BNL collaborates with Tink on multi-banking technology
A result of the companies’ broader strategic alignment in the European market since the beginning of 2020, the new ‘multi-banking’ feature will allow customers to gain a holistic view of their finances by consolidating account overviews (even those held with other Italian banks) in a BNL-developed environment.
Regarded as merely the overture of an increasingly interwoven relationship, the next step is anticipated to be focused on money management.
“With over 100 years in the banking industry, BNL is one of the most respected and well-known banks in Italy. This first important step in our partnership gives BNL’s 2.5 million customers a better understanding of their finances with just one app,” said Daniel Kjellén, Co-Founder and CEO of Tink.
“We look forward to continuing to work with BNL, as part of our strategic partnership with BNP Paribas, to help it create more services powered by open banking technology.”
The power of collaboration
Incumbents might have an inherent advantage over challenger banks because of their well-established customer base, but this cannot and will not sustain lasting prominence.
BNL, through its partnership with Tink, appears to be aware of this and because of its perspicacity has now achieved something relatively unique in the Italian banking market.
“We are one of the first banks in Italy to offer multi banking to its customers, helping them to better manage their money by having an overview of their finances held with different banks, all in one place,” said Marco Tarantola, BNL Deputy General Manager and Head of Commercial Banking Division.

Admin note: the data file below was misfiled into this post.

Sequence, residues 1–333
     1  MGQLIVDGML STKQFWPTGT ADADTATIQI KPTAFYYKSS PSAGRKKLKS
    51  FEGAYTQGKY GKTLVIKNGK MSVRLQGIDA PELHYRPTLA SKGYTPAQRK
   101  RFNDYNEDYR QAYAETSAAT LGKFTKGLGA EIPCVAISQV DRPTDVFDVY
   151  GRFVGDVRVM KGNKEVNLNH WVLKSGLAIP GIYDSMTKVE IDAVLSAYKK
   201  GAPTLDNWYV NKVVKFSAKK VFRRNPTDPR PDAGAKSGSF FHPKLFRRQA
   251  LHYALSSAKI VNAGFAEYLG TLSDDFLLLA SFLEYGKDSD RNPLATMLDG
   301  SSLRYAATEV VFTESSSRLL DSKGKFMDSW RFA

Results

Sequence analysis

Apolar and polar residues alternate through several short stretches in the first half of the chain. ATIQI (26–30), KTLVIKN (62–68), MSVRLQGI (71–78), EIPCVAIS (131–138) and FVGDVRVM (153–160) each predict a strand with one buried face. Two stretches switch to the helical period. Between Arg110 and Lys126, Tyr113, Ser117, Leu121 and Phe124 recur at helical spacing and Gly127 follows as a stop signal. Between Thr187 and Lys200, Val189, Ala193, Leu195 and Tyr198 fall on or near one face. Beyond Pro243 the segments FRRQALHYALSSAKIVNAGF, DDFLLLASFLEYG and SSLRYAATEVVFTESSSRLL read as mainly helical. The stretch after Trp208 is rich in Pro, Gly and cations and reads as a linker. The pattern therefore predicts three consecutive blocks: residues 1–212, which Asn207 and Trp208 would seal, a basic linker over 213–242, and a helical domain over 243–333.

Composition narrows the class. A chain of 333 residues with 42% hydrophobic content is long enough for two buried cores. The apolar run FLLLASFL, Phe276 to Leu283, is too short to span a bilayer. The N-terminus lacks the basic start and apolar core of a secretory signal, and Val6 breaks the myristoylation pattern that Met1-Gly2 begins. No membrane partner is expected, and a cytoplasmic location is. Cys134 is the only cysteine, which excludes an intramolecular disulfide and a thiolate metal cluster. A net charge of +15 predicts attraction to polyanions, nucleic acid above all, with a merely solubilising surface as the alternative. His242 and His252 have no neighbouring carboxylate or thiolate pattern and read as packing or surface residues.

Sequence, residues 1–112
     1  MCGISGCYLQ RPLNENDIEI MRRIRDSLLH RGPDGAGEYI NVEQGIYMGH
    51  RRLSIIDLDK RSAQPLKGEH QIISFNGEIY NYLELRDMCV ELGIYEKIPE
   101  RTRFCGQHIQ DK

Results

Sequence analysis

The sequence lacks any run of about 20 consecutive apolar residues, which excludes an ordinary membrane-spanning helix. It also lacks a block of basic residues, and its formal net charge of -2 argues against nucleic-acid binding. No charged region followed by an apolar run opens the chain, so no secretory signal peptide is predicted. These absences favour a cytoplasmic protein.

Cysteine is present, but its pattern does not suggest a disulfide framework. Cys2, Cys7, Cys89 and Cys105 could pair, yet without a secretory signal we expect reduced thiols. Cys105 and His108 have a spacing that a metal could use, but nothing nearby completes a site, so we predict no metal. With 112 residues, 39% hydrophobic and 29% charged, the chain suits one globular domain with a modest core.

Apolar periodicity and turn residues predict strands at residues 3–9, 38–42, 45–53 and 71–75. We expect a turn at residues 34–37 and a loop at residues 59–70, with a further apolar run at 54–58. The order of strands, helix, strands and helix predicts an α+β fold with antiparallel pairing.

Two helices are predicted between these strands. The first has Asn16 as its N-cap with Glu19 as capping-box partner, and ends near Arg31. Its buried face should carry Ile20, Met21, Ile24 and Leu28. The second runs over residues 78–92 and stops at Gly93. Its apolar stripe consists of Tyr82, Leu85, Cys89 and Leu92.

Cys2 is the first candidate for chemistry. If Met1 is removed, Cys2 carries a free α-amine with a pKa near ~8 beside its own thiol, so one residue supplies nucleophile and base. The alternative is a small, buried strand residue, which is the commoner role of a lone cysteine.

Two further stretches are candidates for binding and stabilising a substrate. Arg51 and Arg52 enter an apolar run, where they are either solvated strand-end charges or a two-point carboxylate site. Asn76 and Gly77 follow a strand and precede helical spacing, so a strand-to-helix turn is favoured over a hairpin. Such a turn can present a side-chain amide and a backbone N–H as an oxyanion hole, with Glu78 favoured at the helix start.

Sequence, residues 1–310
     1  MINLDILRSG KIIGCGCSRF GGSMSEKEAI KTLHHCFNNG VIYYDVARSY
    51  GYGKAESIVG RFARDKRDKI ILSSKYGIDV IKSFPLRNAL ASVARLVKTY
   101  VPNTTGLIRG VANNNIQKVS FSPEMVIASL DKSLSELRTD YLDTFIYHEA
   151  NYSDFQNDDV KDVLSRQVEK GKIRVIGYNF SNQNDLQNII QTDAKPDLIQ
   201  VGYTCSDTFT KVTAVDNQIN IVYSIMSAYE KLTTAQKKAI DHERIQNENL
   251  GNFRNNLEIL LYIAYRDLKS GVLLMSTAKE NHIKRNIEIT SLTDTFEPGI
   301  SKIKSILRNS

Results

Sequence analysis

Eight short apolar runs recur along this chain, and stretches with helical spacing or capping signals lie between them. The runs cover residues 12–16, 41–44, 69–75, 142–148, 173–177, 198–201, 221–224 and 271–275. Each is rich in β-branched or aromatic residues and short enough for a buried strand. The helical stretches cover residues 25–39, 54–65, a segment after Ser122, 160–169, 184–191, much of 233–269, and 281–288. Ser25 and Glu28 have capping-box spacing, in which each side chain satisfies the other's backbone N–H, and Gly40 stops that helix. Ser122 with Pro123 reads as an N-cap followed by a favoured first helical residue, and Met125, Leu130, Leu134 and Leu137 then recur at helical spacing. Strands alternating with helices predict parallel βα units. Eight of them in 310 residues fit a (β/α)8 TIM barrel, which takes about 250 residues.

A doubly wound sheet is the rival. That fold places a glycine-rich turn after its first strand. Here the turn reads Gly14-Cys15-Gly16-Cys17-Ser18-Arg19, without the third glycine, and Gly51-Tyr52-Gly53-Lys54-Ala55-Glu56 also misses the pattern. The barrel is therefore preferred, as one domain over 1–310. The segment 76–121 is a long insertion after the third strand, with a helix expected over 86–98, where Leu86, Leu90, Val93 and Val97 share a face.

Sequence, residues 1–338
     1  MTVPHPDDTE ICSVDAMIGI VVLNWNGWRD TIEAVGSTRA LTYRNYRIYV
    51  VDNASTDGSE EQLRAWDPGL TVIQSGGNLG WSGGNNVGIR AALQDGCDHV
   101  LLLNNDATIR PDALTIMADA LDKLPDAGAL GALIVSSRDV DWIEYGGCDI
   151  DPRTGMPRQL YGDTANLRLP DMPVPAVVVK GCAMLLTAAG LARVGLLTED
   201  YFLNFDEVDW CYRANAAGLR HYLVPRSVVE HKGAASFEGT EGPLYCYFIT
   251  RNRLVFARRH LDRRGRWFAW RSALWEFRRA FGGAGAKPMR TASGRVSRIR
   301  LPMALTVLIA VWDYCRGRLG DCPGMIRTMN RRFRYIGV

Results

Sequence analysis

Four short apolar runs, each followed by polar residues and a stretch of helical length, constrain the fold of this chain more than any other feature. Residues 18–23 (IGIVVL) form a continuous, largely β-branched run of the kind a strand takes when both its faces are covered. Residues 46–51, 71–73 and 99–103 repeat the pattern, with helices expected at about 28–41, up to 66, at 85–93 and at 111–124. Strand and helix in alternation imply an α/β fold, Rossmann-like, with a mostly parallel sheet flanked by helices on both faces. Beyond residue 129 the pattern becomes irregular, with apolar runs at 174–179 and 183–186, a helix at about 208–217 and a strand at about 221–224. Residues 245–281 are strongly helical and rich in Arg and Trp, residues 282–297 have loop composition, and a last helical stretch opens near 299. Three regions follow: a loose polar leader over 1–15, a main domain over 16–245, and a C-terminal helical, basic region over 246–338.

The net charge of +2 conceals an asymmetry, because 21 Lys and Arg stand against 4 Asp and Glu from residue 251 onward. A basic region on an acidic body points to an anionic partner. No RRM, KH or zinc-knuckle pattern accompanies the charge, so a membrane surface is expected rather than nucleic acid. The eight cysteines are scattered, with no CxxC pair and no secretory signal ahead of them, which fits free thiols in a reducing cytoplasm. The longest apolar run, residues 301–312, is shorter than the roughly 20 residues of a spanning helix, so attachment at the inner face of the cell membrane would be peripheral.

“This is the first step in our collaboration with Tink, which will enable us to continue developing our open banking strategy – driving innovation for the bank and adding real value for our customers.”
With Tink’s platform now being used to connect over 3,400 banks and 250 million customers across Europe, the utility of incorporating digital is now almost axiomatic.
McKinsey & Co the results of major incumbents utilising digital techniques with startlingly positive results. For instance: “Goldman Sachs’ Marcus consumer lending franchise...surpassed $3bn in US consumer lending volumes [in 2018].
“Goldman used established digital sales and marketing techniques to become a leading provider of consumer finance in a short period of time. It hit $1bn in loans in just eight months while many competitors took over a year.”
Zafin: Banking is now in the era of the tech ecosystem
The development of tech ecosystems is placing the future of post-COVID banking in jeopardy. At a time when Big Tech can replicate the functions of traditional financial institutions, what can banks do to retain a grip on the market?
John Smith, EVP Ecosystem at Zafin, has a few ideas. A SaaS cloud-native product and pricing platform for financial institutions, Zafin is preparing the next generation of banks to cope with this precise challenge.
Smith is responsible for the strategic and tactical management of the company’s ecosystem, including the creation of new business models to support growth and differentiation. We asked him four questions: